3. During the recent Week of Prayer for Christian Unity, in this Year of the Great Jubilee, many of you joined in prayer for greater understanding and cooperation among all Christ’s followers. You did so in the awareness that all the Lord’s disciples together have a common mission to serve the Gospel in the Holy Land. The more united we become in prayer around Christ, the more courageous we shall become in confronting the painful human reality of our divisions. The pilgrim path of the Church through this new century and the new millennium is the path traced out for her by her inherent vocation to unity. Let us ask the Lord to inspire a new spirit of harmony and solidarity among the Churches in facing the practical difficulties which beset the Christian community in Jerusalem and the Holy Land.
4. Fraternal cooperation among the Christians of this Holy City is no mere option; it has a significance all its own in communicating the love which the Father has for the world in sending his only Son (cf. Jn 3:16). Only in a spirit of mutual respect and support can the Christian presence flourish here in a community alive with its traditions and confident in facing the social, cultural and political challenges of an evolving situation. Only by being reconciled among themselves can Christians play their full part in making Jerusalem the City of Peace for all peoples. In the Holy Land, where Christians live side by side with the followers of Judaism and Islam, where there are almost daily tensions and conflicts, it is essential to overcome the scandalous impression given by our disagreements and arguments. In this City it should be eminently possible for Christians, Jews and Muslims to live together in brotherhood and freedom, in dignity, justice and peace.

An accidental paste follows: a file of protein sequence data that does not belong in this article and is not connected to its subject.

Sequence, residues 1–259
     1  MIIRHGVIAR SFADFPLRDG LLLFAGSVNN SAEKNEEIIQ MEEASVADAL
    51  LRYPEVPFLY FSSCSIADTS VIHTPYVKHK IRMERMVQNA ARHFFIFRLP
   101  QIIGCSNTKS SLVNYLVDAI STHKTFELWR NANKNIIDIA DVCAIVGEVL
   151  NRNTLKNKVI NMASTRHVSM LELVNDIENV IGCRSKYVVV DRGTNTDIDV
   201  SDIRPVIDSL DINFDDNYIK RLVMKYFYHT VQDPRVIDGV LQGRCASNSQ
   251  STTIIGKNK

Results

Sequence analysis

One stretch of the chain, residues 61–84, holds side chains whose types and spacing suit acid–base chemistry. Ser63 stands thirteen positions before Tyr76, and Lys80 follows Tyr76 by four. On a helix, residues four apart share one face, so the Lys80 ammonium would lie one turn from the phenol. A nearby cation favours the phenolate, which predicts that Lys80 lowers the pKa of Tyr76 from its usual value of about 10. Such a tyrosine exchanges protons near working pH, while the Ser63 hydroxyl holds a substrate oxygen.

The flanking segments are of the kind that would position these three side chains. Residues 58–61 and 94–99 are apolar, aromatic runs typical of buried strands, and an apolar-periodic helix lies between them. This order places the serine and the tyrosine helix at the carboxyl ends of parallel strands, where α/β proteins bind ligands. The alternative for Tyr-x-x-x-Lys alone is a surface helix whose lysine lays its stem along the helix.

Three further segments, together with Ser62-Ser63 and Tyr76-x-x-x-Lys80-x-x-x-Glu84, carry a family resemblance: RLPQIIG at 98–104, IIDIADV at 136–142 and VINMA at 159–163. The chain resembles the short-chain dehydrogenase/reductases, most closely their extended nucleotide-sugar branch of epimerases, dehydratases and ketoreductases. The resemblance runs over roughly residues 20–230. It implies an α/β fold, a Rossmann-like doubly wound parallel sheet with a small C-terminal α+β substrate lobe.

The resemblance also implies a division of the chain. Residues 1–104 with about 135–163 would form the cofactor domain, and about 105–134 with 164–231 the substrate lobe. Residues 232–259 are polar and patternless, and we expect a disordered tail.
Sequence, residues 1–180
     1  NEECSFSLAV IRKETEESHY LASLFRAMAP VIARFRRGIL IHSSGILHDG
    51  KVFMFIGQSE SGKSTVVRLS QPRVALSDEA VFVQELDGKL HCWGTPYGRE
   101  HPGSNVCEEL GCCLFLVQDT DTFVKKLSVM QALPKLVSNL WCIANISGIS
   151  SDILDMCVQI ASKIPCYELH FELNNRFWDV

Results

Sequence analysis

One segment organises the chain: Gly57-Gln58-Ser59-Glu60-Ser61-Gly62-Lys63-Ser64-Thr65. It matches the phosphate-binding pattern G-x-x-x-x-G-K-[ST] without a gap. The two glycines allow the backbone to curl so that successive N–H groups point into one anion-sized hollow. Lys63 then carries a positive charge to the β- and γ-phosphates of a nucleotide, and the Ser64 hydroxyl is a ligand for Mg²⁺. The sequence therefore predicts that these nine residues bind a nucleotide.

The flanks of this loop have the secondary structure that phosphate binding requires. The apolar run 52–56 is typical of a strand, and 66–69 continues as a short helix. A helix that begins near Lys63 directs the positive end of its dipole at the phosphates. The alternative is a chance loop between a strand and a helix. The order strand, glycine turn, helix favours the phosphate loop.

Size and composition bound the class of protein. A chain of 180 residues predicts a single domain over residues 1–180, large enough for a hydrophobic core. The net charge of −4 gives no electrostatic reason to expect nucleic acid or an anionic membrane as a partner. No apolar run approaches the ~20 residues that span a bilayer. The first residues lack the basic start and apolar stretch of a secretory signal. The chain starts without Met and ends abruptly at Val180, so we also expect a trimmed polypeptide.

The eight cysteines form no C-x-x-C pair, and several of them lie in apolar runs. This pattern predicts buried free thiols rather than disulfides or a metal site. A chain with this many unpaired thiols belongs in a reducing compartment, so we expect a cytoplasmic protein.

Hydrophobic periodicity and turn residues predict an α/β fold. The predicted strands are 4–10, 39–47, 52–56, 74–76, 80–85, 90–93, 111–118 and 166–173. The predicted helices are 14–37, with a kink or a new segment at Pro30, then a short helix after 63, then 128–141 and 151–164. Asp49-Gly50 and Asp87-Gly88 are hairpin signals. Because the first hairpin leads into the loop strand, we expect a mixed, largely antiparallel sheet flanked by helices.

5. Dear Brothers in Christ, it has been my intention to give a clearly ecumenical dimension to the Catholic Church’s celebration of the Jubilee Year 2000. The opening of the Holy Door at the Basilica of Saint Paul- outside-the-Walls, at which so many Churches and Ecclesial Communities were represented, symbolized our passing together through the “door” which is Christ: “I am the door, if any one enters by me, he will be saved” (Jn 10:9). Our ecumenical journey is precisely this: a journey in Christ and through Christ the Saviour to the faithful fulfilment of the Father’s plan. With God’s grace the Two Thousandth Anniversary of the Incarnation of the Word will be a “favourable time”, a year of grace for the ecumenical movement. In the spirit of the Old Testament Jubilees, this is a providential time for us to turn to the Lord in order to ask forgiveness for the wounds which the members of our Churches have inflicted upon one another down the years. This is the time to ask the Spirit of Truth to help our Churches and Communities to engage in an ever more fruitful theological dialogue, which will enable us to grow in the knowledge of the truth and come to the fullness of communion in Christ’s Body. From the exchange of ideas our dialogue will then become an exchange of gifts: a more authentic sharing of the love which the Spirit unceasingly pours into our hearts.
Your Beatitude reminded us of Christ’s prayer on the eve of his Passion and Death. This prayer is his last will and testament, and it challenges us all. What will be our response? Dear Brothers in Christ, with hope-filled hearts and unfailing trust, let us make the Third Christian Millennium the Millennium of our new-found joy in the unity and peace of the Father, the Son and the Holy Spirit. Amen.